12. ^ a b Bhagwat, Ramu (19 December 2001). "Ambedkar memorial set up at Deekshabhoomi". The Times of India. Archived from the original on 16 October 2013. Retrieved 1 July 2013.
  13. ^ a b c d Malik, Ashok (17 March 2002). "Celebrating a unique city". The Tribune. India. The Tribune Trust. Retrieved 1 July 2013.
  14. ^ "दीक्षा or dīkṣā". SHABDKOSH™ English Hindi Dictionary. Retrieved 30 June 2013.
  15. ^ The Pali Text Societies Pali-English Dictionary, Digital Dictionaries of South Asia. "Bhummi". University of Chicago. Retrieved 30 June 2013.
  16. ^ Rao, Anupama (2009). The caste question: Dalits and the politics of modern India. Berkeley, CA: University of California Press. p. 184. ISBN 978-0520257610.
  17. ^ Frances, Pritchett W. "Dr. Ambedkar's Life – and beyond". Columbia University New York, NY : Department of Middle Eastern, South Asian, and African Studies. Retrieved 30 June 2013.
  18. ^ a b Jaffrelot, Christophe (2001). "The 'solution' of conversion". Dr Ambedkar and untouchability: analysing and fighting caste (Revised ed.). London: C. Hurst. pp. 119–142. ISBN 1850654492. Retrieved 30 June 2013.
  19. ^ Queen, Christopher S (1996). "Introduction: The shape and sources of Engaged Buddhism". Engaged Buddhism: Buddhist Liberation Movements in Asia. SUNY Press. p. 12. ISBN 1438416644.
  20. ^ Frances, Pritchett W. "Why Was Nagpur Chosen?". Department of Middle Eastern, South Asian, and African Studies: Columbia University New York, NY. Retrieved 1 July 2013.
  21. ^ Naik, edited by Y. Sudershan Rao, G. Bhadru (2008). "Buddhism: The way to world peace in Modern Society". Buddhism and modern society. New Delhi: Deep & Deep Publications. p. 57. ISBN 978-8184500592. {{cite book}}: |first= has generic name (help)
  22. ^ a b Sangharakshita (2006). "The Great Mass Conversion". Ambedkar and Buddhism (1st South Asian ed.). New Delhi: Motilal Banarsidass Publishers. pp. 127–138. ISBN 8120830237. Retrieved 30 June 2013.
  23. ^ Bellwinkel-Schempp, Maren (2004). "Roots of Dr.Ambedkar Buddhism in Kanpur". In Beltz, Johannes; Jondhale, Surendra (eds.). Reconstructing the world : B. R. Ambedkar and Buddhism in India (PDF). New Delhi [u.a.]: Oxford University Press. pp. 221–244. ISBN 0195665295. Retrieved 30 June 2013.
  24. ^ Sangharakshita (2006). "After Dr.Ambedkar". Ambedkar and Buddhism (1st South Asian ed.). New Delhi: Motilal Banarsidass Publishers. pp. 162–164. ISBN 8120830237.
  25. ^ [1][dead link]
  26. ^ "vidarbha beat rest of maharashtra: Vidarbha emerge champions in state-level disabled cricket tournament | Nagpur News - Times of India". The Times of India.
  27. ^ "Dr Ambedkar memorial architect Sheo Dan Mal passes away" (Web). OneIndia. 25 January 2007. Retrieved 5 January 2009.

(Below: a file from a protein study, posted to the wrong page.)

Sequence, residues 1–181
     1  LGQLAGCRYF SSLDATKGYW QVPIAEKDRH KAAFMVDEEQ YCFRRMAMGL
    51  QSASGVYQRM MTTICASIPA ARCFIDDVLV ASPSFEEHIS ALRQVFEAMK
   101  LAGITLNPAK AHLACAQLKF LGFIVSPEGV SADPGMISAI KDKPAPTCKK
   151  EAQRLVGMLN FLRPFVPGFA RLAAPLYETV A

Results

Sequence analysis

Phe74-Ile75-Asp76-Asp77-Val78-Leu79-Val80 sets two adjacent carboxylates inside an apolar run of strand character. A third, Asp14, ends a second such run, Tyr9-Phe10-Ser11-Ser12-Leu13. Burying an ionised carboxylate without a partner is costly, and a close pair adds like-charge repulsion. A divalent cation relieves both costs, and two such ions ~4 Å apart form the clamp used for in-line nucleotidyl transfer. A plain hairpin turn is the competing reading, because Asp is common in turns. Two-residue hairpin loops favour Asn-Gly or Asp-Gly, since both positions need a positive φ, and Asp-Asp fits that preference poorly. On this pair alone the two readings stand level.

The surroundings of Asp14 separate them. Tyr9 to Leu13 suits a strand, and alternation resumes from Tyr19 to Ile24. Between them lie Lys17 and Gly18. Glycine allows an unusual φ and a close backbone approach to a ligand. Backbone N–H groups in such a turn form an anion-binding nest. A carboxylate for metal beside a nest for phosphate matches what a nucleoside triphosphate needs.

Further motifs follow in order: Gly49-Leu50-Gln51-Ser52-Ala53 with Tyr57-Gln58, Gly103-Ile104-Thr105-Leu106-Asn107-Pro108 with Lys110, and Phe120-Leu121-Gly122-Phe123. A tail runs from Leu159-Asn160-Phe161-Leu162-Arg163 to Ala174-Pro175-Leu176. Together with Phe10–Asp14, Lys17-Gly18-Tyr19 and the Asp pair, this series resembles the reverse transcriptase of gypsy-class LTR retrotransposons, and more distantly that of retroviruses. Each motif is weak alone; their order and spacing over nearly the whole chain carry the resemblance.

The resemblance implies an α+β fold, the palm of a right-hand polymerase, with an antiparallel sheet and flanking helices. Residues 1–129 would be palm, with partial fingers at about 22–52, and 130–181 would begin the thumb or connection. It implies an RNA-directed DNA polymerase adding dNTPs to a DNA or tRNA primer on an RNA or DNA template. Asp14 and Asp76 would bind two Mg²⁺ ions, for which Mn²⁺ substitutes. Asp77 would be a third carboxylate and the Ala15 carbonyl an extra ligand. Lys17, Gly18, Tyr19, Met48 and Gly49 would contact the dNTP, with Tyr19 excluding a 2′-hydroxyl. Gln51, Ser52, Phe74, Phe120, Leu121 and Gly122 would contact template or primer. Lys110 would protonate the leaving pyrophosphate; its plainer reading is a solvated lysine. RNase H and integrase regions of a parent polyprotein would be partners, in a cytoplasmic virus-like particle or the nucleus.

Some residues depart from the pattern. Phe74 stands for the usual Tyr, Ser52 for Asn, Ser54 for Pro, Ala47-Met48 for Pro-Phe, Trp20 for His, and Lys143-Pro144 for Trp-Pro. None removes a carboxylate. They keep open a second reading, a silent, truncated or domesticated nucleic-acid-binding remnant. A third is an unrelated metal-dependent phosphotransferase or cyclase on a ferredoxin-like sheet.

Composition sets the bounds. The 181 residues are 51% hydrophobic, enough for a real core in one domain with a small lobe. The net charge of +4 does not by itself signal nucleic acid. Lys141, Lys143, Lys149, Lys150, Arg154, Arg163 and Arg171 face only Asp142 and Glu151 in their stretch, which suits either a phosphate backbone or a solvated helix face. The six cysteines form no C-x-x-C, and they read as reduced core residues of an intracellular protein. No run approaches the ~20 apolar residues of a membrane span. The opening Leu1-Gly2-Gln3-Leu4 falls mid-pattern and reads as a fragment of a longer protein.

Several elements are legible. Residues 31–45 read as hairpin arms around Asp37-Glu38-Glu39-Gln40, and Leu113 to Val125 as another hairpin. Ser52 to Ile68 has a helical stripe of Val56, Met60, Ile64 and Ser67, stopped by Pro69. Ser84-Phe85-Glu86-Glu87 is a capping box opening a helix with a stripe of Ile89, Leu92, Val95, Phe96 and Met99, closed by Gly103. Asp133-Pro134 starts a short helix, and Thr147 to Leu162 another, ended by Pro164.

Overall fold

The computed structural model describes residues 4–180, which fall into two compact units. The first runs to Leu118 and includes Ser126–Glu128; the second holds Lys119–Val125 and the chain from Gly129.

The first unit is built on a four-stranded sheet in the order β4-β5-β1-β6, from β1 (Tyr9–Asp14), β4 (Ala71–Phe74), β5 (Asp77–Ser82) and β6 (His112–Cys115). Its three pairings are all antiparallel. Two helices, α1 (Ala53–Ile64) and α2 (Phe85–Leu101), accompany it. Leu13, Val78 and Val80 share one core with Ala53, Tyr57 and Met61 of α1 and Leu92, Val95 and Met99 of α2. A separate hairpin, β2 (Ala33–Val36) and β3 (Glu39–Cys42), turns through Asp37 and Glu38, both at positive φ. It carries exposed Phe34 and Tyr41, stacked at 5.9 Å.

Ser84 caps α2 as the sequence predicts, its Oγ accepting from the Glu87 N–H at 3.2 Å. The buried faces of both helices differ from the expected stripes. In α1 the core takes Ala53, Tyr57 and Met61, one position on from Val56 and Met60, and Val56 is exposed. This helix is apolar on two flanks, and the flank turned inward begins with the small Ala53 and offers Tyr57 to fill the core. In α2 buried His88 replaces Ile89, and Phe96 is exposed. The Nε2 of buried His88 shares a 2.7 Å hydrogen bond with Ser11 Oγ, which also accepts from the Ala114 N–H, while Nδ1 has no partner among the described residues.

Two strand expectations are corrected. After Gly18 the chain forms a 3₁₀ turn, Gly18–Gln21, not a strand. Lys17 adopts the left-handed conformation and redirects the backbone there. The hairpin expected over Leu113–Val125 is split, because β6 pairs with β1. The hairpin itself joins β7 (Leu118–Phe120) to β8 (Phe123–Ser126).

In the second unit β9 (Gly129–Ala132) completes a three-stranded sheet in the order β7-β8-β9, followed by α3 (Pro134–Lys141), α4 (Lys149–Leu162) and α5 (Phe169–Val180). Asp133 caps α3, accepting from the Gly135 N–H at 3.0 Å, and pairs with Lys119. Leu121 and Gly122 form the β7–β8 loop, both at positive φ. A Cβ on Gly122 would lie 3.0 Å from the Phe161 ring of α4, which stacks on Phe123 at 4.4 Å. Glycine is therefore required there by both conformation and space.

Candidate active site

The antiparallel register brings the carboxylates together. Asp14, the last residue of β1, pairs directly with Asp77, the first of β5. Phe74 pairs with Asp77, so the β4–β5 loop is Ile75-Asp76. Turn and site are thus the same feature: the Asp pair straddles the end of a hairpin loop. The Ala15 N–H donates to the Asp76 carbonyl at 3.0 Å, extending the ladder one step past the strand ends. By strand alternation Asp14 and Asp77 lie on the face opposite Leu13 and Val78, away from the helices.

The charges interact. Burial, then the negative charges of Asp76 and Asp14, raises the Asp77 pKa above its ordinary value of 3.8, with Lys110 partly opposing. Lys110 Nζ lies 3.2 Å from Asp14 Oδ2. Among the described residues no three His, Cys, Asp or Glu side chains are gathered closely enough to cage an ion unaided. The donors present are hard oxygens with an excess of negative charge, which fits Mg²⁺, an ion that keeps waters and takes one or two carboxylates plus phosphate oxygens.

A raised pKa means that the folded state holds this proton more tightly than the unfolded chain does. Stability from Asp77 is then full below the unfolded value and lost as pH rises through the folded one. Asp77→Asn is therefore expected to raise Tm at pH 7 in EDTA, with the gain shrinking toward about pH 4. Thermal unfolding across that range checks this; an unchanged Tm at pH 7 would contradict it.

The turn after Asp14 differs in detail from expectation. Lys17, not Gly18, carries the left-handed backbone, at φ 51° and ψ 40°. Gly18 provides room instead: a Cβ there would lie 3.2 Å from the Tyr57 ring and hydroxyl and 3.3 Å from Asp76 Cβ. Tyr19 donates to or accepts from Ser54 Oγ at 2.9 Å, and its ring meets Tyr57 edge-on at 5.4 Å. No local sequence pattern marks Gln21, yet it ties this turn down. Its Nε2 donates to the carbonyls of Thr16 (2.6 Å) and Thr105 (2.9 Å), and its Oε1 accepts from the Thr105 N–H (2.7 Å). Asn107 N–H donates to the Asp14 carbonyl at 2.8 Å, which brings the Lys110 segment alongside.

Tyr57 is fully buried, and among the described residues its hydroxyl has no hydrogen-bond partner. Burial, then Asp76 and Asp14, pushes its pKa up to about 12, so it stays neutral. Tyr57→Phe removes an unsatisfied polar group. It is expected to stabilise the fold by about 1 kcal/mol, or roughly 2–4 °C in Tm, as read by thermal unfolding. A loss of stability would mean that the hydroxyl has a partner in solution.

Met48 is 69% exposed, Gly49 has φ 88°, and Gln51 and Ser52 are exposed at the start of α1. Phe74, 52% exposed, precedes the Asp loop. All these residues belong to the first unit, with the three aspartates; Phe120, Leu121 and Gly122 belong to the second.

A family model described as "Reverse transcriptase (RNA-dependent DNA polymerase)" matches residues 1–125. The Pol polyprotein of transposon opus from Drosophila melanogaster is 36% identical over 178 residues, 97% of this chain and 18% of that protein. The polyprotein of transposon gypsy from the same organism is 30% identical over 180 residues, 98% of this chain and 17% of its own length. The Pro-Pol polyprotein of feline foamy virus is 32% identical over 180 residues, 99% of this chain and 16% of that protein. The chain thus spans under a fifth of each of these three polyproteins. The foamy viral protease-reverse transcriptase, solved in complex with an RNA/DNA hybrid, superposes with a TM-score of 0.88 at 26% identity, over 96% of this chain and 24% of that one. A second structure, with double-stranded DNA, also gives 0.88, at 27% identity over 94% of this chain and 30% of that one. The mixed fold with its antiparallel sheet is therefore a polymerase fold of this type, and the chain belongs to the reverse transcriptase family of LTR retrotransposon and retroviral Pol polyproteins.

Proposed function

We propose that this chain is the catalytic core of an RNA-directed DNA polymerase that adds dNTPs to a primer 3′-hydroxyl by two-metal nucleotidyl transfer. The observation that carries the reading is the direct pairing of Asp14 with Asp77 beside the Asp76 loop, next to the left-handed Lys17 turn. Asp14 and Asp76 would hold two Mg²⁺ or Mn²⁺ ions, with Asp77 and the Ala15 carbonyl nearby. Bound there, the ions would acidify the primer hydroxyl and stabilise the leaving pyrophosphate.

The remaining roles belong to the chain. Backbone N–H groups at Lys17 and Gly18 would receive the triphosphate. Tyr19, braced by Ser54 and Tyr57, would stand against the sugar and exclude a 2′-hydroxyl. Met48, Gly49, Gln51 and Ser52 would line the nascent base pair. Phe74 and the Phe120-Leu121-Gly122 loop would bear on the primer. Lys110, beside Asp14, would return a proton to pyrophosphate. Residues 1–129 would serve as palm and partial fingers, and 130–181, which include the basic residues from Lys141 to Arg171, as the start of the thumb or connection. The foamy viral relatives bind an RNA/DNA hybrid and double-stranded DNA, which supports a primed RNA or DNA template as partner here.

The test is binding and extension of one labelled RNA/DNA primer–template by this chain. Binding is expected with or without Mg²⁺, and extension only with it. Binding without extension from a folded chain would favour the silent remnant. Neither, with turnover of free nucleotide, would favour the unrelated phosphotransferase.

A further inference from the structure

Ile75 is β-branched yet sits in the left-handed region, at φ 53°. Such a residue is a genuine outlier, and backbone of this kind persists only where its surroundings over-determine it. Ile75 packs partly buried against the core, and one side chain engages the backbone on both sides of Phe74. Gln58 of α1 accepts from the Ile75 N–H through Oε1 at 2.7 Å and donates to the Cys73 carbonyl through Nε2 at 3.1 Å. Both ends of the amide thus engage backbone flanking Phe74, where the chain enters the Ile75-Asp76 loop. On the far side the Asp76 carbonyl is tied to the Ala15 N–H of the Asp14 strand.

28. ^ a b c "CEE MH E-Z Nagpur". Bharat Sanchar Nigam Ltd. Retrieved 1 July 2013.[permanent dead link]
  29. ^ Seneviratne, Kalinga (16 January 2009). "Hope for India's 'broken' Buddhists". Asia Times. Asia Times Online (Holdings), Ltd. Archived from the original on 4 October 2014. Retrieved 2 July 2013.{{cite news}}: CS1 maint: unfit URL (link)
  30. ^ Lochtefeld, James G. "Sanchi Stupa--A World Heritage Site". Religion Dept., Carthage College, 2001 Alford Drive, Kenosha, WI 53140: Religion, Carthage College. Archived from the original on 24 December 2015. Retrieved 1 July 2013.{{cite web}}: CS1 maint: location (link)
  31. ^ Behl, Benoy K. (8–21 September 2007). "Harmony set in stone". THE HINDU; Frontline. 24 (18). Retrieved 1 July 2013.
  32. ^ "World Heritage Sites - Sanchi". Archaeological Survey of India, Government of India. Retrieved 2 July 2013.
  33. ^ "Gardens". Nagpur: Nagpur Improvement Trust. Archived from the original on 24 August 2013. Retrieved 1 July 2013. Deeksha Bhoomi
  34. ^ Lella Karunyakara, Modernisation of Buddhism: Contribution of Ambedkar and Dalai Lama XIV, page 175, ISBN 81-212-0813-0
  35. ^ "Deekshabhoomi gets Grade A tourist spot status | Nagpur News - Times of India". The Times of India.
  36. ^ "Maha govt approves grade A status to Deekshabhoomi at Nagpur". India Today. 7 March 2016.
  37. ^ "नागपूरची दीक्षाभूमी आता 'अ' वर्ग पर्यटनस्थळ". 8 March 2016.
  38. ^ "Thousands visit Deekshabhoomi in Nagpur". The Hindu. 7 December 2006. Archived from the original (Web) on 18 May 2012. Retrieved 5 July 2008.
  39. ^ "बुद्धाकडे जनता वळे, भीमा तुझ्या जन्मामुळे..." Sakal (in Marathi). Nagpur. The Sakal Group. 26 October 2012. Archived from the original on 5 March 2016. Retrieved 7 August 2013. आंबेडकरी चळवळीच्या, बुद्ध आणि भीमगीतांच्या हजारो कॅसेट्‌स एका दिवशी खरेदी होतात. पुस्तकांच्या तीनशेपेक्षा जास्त स्टॉल्सवर खरेदीसाठी झुंबड उडते. मराठीसह हिंदी, इंग्रजी भाषांतील पुस्तकांची दरवर्षीची विक्री सर्वांनाच ठाऊक आहे. परंतु, यावर्षी दक्षिणेतील तमीळ, कानडी भाषांतील पुस्तकांचे स्टॉल लावण्यात आले. याशिवाय श्रीलंकेतील सिंहली भाषेतील बुद्धाचे साहित्य यावर्षी खरेदीसाठी होते. कोट्यवधीची पुस्तकखरेदी एका दिवशी होणारे दीक्षाभूमी हे जगातील एकमेव ठिकाण आहे, हे विशेष.

External links[edit]